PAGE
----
Nearly three years after Gov. John Kasich first proposed an increase in the severance tax on oil and gas drilling, his fellow Republicans in charge of the Ohio House have begun to embrace the idea. State Rep. Matt Huffman and Speaker William Batchelder unveiled a proposal last week, reflecting the sound notion of all Ohioans benefiting from the resources extracted by industry from their lands.
No surprise that the House plan falls short of what the governor put forward, the plan generating roughly two-thirds the revenue. Many Republican lawmakers have voiced concern about applying a levy that somehow would discourage the industry from coming here.
Put aside that the industry already has moved deeply into the state. And drillers would leave if the governor’s modest increase took effect? The House plan won quick praise from the industry as a “sensible modification.”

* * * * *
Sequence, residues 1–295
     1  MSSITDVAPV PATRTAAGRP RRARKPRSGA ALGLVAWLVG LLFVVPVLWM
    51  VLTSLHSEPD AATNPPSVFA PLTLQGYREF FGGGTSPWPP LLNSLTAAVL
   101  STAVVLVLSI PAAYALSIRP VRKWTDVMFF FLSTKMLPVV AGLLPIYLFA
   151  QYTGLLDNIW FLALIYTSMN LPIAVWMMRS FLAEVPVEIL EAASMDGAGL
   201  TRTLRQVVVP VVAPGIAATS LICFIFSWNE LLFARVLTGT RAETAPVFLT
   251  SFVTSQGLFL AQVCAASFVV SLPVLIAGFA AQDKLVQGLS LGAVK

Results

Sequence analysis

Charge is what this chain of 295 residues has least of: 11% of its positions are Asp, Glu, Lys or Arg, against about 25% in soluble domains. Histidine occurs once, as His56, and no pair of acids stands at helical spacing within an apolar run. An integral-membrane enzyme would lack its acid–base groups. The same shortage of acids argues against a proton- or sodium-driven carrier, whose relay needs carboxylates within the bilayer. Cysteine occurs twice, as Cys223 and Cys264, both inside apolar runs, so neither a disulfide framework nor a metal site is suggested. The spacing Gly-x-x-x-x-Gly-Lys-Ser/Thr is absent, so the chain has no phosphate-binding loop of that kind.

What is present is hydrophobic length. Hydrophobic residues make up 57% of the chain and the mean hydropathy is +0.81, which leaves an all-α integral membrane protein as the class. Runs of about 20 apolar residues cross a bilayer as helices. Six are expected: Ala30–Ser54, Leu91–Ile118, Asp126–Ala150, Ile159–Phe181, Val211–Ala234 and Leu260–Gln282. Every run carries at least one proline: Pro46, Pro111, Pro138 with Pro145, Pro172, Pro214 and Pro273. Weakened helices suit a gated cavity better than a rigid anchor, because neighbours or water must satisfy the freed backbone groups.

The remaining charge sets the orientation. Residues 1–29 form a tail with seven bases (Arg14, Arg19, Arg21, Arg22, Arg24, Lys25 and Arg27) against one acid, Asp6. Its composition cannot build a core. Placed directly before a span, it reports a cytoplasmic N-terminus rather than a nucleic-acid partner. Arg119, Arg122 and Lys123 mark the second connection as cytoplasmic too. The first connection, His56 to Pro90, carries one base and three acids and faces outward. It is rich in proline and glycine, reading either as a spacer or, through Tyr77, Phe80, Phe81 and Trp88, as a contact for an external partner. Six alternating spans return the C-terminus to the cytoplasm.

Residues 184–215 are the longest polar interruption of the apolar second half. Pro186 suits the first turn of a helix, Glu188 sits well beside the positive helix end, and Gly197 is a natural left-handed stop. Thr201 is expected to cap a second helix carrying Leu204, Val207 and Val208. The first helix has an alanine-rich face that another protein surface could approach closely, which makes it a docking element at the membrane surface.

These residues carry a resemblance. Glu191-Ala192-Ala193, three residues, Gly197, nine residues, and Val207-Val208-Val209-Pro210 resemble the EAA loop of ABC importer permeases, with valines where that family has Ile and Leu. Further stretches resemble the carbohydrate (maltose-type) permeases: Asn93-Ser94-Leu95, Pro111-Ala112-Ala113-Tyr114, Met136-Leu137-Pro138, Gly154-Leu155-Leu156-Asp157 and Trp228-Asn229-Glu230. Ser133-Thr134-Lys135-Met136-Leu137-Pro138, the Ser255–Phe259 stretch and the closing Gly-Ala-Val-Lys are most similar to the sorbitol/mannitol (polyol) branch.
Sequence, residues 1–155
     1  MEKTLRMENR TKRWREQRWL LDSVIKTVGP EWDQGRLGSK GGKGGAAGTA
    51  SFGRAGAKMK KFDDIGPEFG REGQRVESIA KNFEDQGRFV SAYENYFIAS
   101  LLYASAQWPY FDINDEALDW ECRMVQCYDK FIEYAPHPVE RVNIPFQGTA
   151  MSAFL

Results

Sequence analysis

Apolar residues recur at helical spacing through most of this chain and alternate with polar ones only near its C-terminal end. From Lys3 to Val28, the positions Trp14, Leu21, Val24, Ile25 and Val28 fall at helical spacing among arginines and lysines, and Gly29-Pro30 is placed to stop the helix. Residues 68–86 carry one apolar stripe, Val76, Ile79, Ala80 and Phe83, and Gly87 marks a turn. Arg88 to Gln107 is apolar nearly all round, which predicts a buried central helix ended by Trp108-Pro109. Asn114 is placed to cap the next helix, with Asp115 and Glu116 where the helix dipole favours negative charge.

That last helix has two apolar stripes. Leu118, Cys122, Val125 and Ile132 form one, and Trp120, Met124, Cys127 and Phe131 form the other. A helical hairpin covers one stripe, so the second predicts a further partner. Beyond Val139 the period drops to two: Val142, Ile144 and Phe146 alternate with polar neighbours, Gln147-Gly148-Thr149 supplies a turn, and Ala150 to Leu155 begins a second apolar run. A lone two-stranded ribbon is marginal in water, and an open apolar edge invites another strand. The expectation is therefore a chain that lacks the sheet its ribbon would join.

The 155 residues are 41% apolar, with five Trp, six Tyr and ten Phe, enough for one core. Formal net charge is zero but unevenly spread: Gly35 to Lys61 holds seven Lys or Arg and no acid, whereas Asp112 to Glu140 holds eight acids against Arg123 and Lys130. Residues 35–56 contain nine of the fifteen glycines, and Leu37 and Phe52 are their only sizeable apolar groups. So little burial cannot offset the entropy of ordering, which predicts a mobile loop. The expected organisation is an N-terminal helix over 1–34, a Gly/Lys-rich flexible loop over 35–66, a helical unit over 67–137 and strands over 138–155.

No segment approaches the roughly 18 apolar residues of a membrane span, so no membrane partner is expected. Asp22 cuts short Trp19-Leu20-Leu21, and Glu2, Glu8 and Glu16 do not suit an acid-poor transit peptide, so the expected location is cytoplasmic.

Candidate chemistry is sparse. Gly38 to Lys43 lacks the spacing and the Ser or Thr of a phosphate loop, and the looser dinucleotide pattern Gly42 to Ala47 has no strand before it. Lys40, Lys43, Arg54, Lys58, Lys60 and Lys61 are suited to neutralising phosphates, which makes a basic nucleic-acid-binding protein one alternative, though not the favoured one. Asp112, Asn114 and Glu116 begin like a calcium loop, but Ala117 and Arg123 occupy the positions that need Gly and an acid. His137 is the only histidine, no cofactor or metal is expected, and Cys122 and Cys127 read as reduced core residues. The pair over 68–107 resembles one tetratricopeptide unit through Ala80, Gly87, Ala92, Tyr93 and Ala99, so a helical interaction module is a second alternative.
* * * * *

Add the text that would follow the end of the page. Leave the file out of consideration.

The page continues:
To its credit, the House would route funds to improved regulation and protection. Troubling is another element it shares with the governor’s proposal — applying the savings to an income tax cut, the state having already reduced rates by nearly one-third. School districts have been squeezed. College students face mounting debt. State parks need maintenance. There are better uses for the revenue, along with a strong case for the severance tax rate the governor proposed.